No, Jo Brand is not inciting violence

The Brexit Party should not try to play the PC set at its own censorious game.


Topics Culture Free Speech Politics UK

Right-wing snowflakery is on the rise in Britain. Recently, we’ve had right-wingers apoplectic about a rave-punk anthem called ‘Kill Tory Scum’, petitioners demanding that a protester be sacked for calling a British Trump supporter a Nazi, and now Brexit Party leader Nigel Farage has called for the police to feel the collar of a comedian for making a joke.

Jo Brand was on Radio 4 panel show Heresy last night. Commenting on the recent ‘milkshakings’ of political figures – including hard-right agitator Tommy Robinson, un-PC YouTuber Sargon of Akkad and Farage himself – Brand wondered out loud ‘why bother with a milkshake when you could get some battery acid?’.

The Guido Fawkes site blogged about Brand’s ‘hate speech’, and Farage retweeted it with the comment: ‘This is incitement to violence and the police need to act.’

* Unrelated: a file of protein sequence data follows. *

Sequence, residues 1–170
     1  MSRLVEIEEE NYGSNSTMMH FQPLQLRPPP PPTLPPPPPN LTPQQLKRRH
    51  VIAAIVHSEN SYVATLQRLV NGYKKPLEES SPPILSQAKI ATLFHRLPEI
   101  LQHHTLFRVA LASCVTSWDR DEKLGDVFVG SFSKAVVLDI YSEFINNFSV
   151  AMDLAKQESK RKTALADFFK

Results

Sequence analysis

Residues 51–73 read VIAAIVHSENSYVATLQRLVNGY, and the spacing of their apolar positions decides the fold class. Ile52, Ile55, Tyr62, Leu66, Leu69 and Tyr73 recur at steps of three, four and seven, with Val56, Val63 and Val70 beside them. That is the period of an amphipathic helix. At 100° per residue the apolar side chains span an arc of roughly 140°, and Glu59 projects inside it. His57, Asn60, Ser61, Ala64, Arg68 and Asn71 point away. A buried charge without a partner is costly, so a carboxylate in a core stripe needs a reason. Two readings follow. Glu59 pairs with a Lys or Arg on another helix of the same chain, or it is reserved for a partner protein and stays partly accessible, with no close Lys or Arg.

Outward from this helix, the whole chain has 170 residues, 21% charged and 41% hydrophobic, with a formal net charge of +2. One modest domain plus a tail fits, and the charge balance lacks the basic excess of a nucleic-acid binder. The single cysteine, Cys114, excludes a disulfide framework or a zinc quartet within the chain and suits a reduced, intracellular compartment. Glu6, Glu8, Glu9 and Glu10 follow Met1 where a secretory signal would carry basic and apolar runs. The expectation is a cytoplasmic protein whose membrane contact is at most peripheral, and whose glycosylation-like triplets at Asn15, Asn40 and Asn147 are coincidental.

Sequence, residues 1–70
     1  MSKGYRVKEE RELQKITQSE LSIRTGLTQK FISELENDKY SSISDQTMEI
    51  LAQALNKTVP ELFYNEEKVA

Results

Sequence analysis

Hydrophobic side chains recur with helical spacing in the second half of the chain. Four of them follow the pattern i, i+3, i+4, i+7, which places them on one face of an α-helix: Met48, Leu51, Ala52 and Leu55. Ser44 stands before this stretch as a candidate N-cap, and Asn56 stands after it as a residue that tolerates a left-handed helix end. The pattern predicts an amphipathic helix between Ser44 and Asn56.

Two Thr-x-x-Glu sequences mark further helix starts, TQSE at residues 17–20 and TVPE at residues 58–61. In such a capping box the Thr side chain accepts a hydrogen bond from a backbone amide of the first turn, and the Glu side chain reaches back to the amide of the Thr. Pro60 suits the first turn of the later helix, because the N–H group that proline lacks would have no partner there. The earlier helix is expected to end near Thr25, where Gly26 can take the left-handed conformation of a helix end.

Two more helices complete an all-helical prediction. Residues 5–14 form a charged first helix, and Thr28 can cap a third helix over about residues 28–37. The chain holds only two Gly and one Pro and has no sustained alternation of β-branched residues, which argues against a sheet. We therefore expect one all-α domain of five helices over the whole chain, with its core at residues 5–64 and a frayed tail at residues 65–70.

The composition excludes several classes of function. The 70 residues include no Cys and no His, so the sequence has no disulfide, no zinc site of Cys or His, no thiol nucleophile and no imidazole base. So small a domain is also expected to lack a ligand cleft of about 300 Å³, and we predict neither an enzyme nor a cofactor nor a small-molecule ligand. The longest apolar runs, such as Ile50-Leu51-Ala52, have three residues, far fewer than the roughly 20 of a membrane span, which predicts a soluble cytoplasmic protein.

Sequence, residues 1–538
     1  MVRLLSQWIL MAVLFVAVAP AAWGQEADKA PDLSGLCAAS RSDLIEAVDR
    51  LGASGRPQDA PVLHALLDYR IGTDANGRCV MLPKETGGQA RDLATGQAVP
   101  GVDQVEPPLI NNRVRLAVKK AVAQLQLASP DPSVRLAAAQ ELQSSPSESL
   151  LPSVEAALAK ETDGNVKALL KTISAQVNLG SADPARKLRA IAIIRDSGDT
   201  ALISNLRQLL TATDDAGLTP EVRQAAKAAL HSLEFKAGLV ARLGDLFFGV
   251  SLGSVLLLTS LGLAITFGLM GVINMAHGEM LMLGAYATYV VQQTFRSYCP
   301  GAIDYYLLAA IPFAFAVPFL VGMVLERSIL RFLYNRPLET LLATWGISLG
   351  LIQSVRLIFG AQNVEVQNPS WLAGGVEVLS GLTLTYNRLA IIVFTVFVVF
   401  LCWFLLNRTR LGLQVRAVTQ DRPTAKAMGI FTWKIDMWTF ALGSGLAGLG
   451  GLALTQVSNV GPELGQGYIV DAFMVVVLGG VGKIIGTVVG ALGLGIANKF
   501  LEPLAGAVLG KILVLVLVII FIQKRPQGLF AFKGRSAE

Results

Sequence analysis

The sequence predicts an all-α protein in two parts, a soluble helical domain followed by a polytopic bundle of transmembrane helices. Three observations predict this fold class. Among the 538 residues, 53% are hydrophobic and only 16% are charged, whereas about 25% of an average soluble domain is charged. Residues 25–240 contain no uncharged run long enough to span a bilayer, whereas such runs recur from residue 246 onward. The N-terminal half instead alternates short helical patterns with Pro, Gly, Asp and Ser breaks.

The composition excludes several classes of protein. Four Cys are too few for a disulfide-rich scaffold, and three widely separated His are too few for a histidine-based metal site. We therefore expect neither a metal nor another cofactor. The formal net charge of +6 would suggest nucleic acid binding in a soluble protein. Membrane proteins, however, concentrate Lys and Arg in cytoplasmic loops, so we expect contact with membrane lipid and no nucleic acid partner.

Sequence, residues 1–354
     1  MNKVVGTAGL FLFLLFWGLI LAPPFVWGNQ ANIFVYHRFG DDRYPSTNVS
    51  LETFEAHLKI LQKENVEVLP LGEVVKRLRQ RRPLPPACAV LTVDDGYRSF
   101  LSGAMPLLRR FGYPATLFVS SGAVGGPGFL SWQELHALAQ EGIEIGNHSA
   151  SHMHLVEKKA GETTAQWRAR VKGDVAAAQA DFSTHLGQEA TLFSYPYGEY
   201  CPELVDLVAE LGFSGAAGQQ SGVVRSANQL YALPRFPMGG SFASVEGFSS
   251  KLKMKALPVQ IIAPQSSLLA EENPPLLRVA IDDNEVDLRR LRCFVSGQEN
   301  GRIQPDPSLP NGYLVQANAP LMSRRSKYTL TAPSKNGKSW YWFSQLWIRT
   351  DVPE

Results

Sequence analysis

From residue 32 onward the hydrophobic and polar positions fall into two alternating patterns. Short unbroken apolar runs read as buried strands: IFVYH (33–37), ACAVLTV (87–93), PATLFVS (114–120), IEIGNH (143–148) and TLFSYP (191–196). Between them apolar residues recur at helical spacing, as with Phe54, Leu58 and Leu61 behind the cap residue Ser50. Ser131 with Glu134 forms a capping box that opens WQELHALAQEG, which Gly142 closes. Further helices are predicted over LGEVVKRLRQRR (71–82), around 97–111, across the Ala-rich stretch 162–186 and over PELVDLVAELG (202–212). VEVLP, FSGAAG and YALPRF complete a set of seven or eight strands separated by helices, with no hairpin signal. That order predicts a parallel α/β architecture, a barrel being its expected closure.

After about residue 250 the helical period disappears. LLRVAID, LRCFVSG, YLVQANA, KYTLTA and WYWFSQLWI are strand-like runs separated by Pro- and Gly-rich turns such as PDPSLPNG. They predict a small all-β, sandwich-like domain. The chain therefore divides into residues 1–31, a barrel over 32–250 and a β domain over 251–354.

Perhaps he’s joking. If he’s not, Farage, the self-styled straight-talker, is advocating criminalising a comedian for telling a joke. Putting to one side for a moment how illiberal and broad Britain’s incitement laws are in comparison to places like the US, no one in their right mind would deem Brand’s jibe a potentially dangerous call for violence. People are not robots awaiting the murderous instructions of luvvie comedians.

Brand’s comments do remind us of the obvious double standards around colourful language in public life today. Farage is routinely accused of inciting violence, largely due to his fondness for military metaphors. Plus if a comedian made a joke about acid-attacking Remoaner politicians, we all know the Twittermob would be demanding they be sacked and / or locked up.

But playing the PC set at their own censorious game does no one any favours and risks further corroding free speech. It continues to turn ‘incitement’ into a meaningless phrase, flung around to the end of silencing people we dislike. And it continues to invite the authorities into the business of policing speech. There’s nothing funny about that.

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Topics Culture Free Speech Politics UK


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